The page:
|• Also spelled||Biddia (official)
|• Head of Municipality||Ramadan Shatat|
Biddya (Arabic: بديا) is a Palestinian town in the Salfit Governorate, located 32 kilometers southwest of Nablus and half that distance from Salfit in the northern West Bank. According to the Palestinian Central Bureau of Statistics (PCBS), Biddya had a population of 8,064 in 2007. The town is governed by a municipal council of eleven members who each represent the prominent families of Biddya and select a mayor.
Biddya is situated on the western ridge of the central mountain range that runs north-south in the West Bank. It has an elevation of 320 meters above sea level. The historical Nablus-Jerusalem road is nearby. A shrine for a local holy man, Sheikh Hamdan is located in the town.
The area was examined in 1873 by the Palestine Exploration Fund's Survey of Western Palestine (SWP), who gave the following description:
Rock-cut tombs exist here, principally rude caves. The rock is quarried in many places. South of the village is a birkeh (pool) about 30 feet by 20 feet, with a flight of 12 steps, leading down about 10 feet. It is made of rudely squared stones, about 1 foot to 1 1/2 feet in length, which are covered again with a well-made rubble almost resembling a tesselated pavement, and this again is covered with a soft white cement, containing large pieces of pottery and small stones. There is on each side of the pool (north and south) a semicircular stone buttress, 2 feet diameter, on a base about 4 feet; this perhaps indicates that the birkeh was roofed in. South-west of Bidieh is an ancient ruined watch-tower.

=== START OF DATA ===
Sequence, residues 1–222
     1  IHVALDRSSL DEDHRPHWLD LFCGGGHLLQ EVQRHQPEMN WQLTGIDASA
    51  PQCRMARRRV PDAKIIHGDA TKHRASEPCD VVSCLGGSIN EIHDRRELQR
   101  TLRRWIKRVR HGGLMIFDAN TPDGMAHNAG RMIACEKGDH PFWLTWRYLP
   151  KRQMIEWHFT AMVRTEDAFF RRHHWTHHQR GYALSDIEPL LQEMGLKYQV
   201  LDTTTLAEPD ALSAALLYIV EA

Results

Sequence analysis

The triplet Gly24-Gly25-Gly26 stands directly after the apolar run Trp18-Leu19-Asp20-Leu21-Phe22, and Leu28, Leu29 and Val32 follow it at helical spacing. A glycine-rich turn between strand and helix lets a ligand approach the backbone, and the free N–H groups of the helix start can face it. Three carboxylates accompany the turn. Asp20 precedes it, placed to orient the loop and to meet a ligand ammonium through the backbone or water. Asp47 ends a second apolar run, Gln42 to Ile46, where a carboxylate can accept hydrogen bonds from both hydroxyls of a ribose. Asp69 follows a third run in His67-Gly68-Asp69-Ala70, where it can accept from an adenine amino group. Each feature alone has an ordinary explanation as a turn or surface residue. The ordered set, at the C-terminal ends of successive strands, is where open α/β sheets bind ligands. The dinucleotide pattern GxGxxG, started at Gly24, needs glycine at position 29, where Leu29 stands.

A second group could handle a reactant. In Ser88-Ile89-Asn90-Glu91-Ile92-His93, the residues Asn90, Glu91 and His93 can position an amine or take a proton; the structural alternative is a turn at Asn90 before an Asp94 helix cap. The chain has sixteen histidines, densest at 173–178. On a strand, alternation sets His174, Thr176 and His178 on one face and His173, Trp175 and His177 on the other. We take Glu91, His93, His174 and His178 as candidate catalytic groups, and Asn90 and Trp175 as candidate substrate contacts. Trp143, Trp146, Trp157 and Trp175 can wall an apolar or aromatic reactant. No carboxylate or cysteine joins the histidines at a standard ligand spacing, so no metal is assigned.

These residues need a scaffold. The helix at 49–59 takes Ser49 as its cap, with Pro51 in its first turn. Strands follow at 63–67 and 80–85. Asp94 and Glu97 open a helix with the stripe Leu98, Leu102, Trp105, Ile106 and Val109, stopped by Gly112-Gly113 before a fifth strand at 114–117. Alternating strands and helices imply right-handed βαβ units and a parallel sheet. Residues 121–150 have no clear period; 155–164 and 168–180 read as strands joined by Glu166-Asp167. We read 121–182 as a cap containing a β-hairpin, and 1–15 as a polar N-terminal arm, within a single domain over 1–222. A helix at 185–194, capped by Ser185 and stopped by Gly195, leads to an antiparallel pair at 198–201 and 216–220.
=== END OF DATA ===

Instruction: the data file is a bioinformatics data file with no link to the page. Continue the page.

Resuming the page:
In 1596, Biddya (also, Beddia, Bedia, Bidya, Bedya, and Bidieh) appeared in Ottoman tax registers as being in the nahiya of Jabal Qubal in the liwa of Nablus. It had a population of 8 households and 1 bachelor, all Muslim. The villagers paid taxes on wheat, barley, summer crops, olive trees, goats and beehives.
French explorer Victor Guérin passed by Beddia in 1870, and described it as a "mountain village", apparently of "some importance". In the 1882 "Survey of Western Palestine", Bidieh was described as "a village of moderate size, the houses principally of stone. It is surrounded with beautiful groves of very fine old olives. It is evidently an ancient site. The water supply is from rock-cut cisterns."
British Mandate era
In a census conducted in 1922 by the British Mandate authorities, Biddya (called: Bedia) had a population of 792, all Muslims, while in the 1931 census Biddya (including Salita) had 245 occupied houses and a population of 1026, still all Muslim. In 1945 the population was 1,360, all Arabs, while the total land area was 13,466 dunams, according to an official land and population survey. Of this, 5,088 were allocated for plantations and irrigable land, 2,319 for cereals, while 47 dunams were classified as built-up areas.
By mid-2012, according to Palestinian General Election Commission, Biddya's (بديا) population was 8,951 (not including expatriates).
Biddya depends primarily on olive groves for olive oil and Nabulsi soap production — the town's main industries. The town mostly receives food products from subsistence farming or local grocery markets.